Beth Rengel is a well known personality because of her history in public life. She had a successful television career as a reporter and evening news anchor in Baton Rouge, Atlanta and Tulsa for more than two decades. She covered stories like the Oklahoma City bombing, a major oil spill off the coast of Mississippi and went behind the scenes of the only facility in the country where people live who were afflicted with leprosy. She interviewed interesting people like former First Lady Roselyn Carter to Oprah.
Beth started her love for writing as a child and didn’t realize that she would someday use her life experiences to become an author and speaker.
She was third runner up in the Miss America Pageant as Miss Texas. As a result she was chosen to be part of the Miss America USO Show and toured parts Europe entertaining the troupes. She sang with the New Christy Minstrels traveling all over the United States. Once again, she decided to try something else, residential real estate and was named Rookie of the Year.
As a true entertainer, Beth can make you laugh and cry with her stories of success and failure. Reinventing is what she has done her whole life. She has many stories to uplift you with her messages of taking risks, not getting caught up in the Illusions of Life, Listen to your gut And Never Give Up.
“A person’s ability to entertain, inform, and enlighten us is in direct proportion to the real-life experiences they have had. Beth Rengel has a world of experience ranging from a talented beauty-pageant winner to the anchor of a fast-paced hard-hitting newscast. Her book will cause you to think, reconsider, and refocus your life as she shares her life with you.”
~Jim Stovall, Bestselling Author, The Ultimate Gift
It was over a decade ago when I received a call at my office requesting an appointment for a meeting with Beth Rengel. That simple phone call created a flood of memories and emotions in my mind.
I had grown up in Tulsa, Oklahoma, and had enjoyed a typical Midwestern upbringing until, as a teenager, I was diagnosed with a condition that would cause me to lose my sight. My plans of being a professional athlete were shattered along with any other ideas I had ever had about what I might do with my life. Trying to visualize myself as a blind person fitting in anywhere just didn’t seem to work.
At that same time, in Tulsa, Oklahoma, there were billboards, commercials, and media announcements about a new broadcaster coming to town named Beth Rengel. As a teenager who still had my sight at that time, the photos and video images of Beth Rengel immediately informed me and everyone else in town that this was not going to be your typical, gray-haired, middle-aged guy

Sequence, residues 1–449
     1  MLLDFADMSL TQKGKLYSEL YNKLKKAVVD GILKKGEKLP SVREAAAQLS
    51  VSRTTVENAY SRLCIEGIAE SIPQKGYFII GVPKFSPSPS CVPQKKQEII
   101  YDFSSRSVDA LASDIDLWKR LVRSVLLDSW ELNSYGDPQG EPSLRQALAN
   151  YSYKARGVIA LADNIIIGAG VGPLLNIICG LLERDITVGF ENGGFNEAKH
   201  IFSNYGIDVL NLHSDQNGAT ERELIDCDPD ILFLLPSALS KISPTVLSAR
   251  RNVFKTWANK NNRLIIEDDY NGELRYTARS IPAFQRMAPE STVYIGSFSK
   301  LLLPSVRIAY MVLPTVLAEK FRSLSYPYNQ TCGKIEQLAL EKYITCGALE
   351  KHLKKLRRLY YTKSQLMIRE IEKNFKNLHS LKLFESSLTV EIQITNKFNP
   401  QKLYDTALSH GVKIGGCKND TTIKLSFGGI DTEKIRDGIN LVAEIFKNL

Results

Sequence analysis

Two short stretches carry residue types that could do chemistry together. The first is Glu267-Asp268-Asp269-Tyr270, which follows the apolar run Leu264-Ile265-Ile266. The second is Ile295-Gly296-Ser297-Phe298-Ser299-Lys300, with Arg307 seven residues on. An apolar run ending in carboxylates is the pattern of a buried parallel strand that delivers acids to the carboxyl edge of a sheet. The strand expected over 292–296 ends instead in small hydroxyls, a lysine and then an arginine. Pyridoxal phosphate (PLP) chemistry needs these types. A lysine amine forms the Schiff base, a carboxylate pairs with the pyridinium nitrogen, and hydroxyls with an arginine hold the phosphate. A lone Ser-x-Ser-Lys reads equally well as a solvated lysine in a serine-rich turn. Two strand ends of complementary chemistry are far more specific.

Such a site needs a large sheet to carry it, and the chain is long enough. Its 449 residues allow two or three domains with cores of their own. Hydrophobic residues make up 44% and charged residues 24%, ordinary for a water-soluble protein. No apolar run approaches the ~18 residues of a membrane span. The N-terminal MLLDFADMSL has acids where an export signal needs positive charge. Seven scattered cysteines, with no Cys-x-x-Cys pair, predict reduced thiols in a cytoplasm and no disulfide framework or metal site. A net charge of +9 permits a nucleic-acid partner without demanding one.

in a business suit delivering the news each night. Beth Rengel, through some trials and tribulations, proved to her colleagues and everyone at home watching her on television that she was much more than a pretty face.
In the ensuing decades, Beth has had a world of experiences, dealt with triumph and tragedy, and through it all, became a person that you will enjoy getting to know within the pages of this book.
That first meeting with Beth Rengel in my office created a bond between Beth and me that has made us colleagues and friends. The book you are reading now has been in the making for a decade, and the stories and experiences that make up this book are the product of a rich and full lifetime.
As an author of 27 books and as someone who has had six of his novels turned into movies, I am always looking for a great story. As a bestselling author of fiction, I pride myself on creating fascinating characters and putting them in the middle of compelling stories, but on my best day, I could not have created a fictitious character as powerful, fascinating, and diverse as the real-life Beth Rengel you are preparing to meet.
As you read Beth’s story and experience her life, please do as I have done as I have gotten to know Beth, and use her experiences and perspective to create a context that will allow you to anchor your own priorities while stretching your potential impossibilities.
I have lived my life driven by three clichés: My grandmother always said, “You don’t regret the things you do, but the things you don’t do.” My mother would remind me “You’ll never know unless you try.” And my father had a way with words – “Well, hell, if you fail, it’s better than a kick in the ass.”
The first time I was put to the test was as a senior in high school in Wichita Falls, Texas. My father sat me down and profoundly said, “Mae Beth, you’re graduating this year. You have three choices: Get a job, get married or get a scholarship.” My older sister was given a full four year scholarship because she had a beautiful voice. She went on to become a successful opera singer in Europe for almost 27 years. I had no idea what I was going to do until an opportunity presented itself to me.
Those three clichés have driven many of my life choices in family and in several careers. Life has proven to me that you always have to walk through your fears, take risks and persevere.